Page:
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Connecticut’s Maritime Heritage
Tuesday, April 28th at 1:00 p.m.
Professor Tom Ratliffe is back with another exciting history talk – this time on Connecticut’s rich maritime heritage. Tom will cover ship building and the West Indies trade, whaling and fishing, Connecticut's state navy, the War of 1812, and of course the history of submarines. Free for members. $5 for non-members.
William Phelps Eno: Father of Transportation Engineering
Saturday, April 25th at 1:00 p.m.
The Simsbury Free Library will be open from 10-3 on Saturday, April 25th as part of the town wide Innovation Fair. T.J. Donohue, a SFL Trustee, will give a talk on William Phelps Eno at 1 p.m.
William Phelps Eno is known internationally as the "Father of Transportation Regulation". Mr. Eno was struck by the traffic jams in New York City as a child and went on to champion "Rules of the Road", which were adopted in New York City in 1903 as the world's first traffic control ordinances. His rules included many we now take for granted, such as right hand driving, passing on the left, the use of signals, and speed limits.
The William Phelps Eno Memorial Center was created and entrusted to the SFL in 1992 by the Eno Transportation Foundation. It is located in the Simsbury Free Library's main reading room and contains Mr. Eno's original furniture and artworks in a replica of his office and serves as an archive for his historic papers.
The SFL will have on hand various artifacts of William Phelps Eno including some of the five books he authored on traffic regulation, some of his letters from police commissioners, editors, ambassadors and politicians, as well as pictures of him at work here and abroad. Free.
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Chick Austin House Tour
Thursday, April 9th at 3:00 p.m.
Back by popular demand!. If you have ever wondered about that strange flat "Cardboard House" on Scarborough Avenue, here is your chance to tour the house of Chick Austin, the former director of the Wadsworth Atheneum. Chick set out to introduce modern art to America and transform Hartford, the conservative insurance capital, into a cultural mecca that would become the talk of the art world during the years between the two world wars. (See the photo album below.) The tour costs $25 for members and $30 for non-members, and includes a docent-led tour of the house and same-day admission to the Wadsworth Atheneum. Space is limited. Advance payment required.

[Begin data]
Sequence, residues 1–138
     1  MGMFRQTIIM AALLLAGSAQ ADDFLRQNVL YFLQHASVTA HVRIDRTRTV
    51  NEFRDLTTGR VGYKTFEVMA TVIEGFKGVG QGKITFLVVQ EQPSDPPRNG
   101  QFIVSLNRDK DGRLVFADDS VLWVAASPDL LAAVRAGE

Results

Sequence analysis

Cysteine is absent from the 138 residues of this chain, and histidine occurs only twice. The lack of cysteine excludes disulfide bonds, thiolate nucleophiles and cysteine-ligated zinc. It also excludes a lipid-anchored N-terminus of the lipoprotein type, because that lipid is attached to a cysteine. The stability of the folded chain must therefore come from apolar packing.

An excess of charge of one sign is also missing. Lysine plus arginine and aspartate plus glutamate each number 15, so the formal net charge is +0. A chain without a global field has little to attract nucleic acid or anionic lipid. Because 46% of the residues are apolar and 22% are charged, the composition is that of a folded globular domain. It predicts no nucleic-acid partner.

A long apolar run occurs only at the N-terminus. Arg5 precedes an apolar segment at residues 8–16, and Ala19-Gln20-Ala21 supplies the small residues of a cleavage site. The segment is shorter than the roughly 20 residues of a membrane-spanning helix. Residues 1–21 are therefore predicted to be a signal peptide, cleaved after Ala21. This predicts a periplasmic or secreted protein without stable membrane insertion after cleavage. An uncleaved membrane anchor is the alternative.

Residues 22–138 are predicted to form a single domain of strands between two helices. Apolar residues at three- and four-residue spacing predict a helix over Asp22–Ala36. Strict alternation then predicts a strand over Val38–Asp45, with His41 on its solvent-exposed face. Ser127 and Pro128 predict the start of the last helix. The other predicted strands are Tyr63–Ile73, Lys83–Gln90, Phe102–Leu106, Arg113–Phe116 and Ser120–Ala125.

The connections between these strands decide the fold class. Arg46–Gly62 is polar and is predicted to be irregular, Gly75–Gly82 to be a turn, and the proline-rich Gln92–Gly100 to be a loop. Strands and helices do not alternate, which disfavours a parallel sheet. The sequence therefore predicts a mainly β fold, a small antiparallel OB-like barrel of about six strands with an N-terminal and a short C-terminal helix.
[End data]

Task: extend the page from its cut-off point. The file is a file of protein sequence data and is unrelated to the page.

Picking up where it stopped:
Genealogy Road Show with Diane LeMay
April 11th, from 10 a.m. to 2:00 p.m.
Our genealogist librarian, Diane LeMay, will try to solve any genealogy research problems patrons bring her. Free to members. $5 for non-members.
DROP IN BOOK CLUB
Dakota by Kathleen Norris
Tuesday, April 14th at 11:15 a.m.:
From Amazon.com: Kathleen Norris invites readers to experience rich moments of prayer and presence in Dakota, a timeless tribute to a place in the American landscape that is at once desolate and sublime, harsh and forgiving, steeped in history and myth. In thoughtful, discerning prose, she explores how we come to inhabit the world we see, and how that world also inhabits us. Her voice is a steady assurance that we can, and do, chart our spiritual geography wherever we go.
No need to join this book club. Just drop in when you are in town or when the book is of interest.
Chariots of Fire
Thursday, April 23rd at 1:00 p.m.
In the class-obsessed and religiously divided United Kingdom of the early 1920s, two determined young runners train for the 1924 Paris Olympics. Eric Liddell (Ian Charleson), a devout Christian born to Scottish missionaries in China, sees running as part of his worship of God's glory and refuses to train or compete on the Sabbath. Harold Abrahams (Ben Cross) overcomes anti-Semitism and class bias, but neglects his beloved sweetheart Sybil (Alice Krige) in his single-minded quest. From Warner Brothers.
Chariots of Fire won 4 Academy Awards in 1982 for Best Picture, Best Original Screenplay, Best Costume Design and Best Score. Free.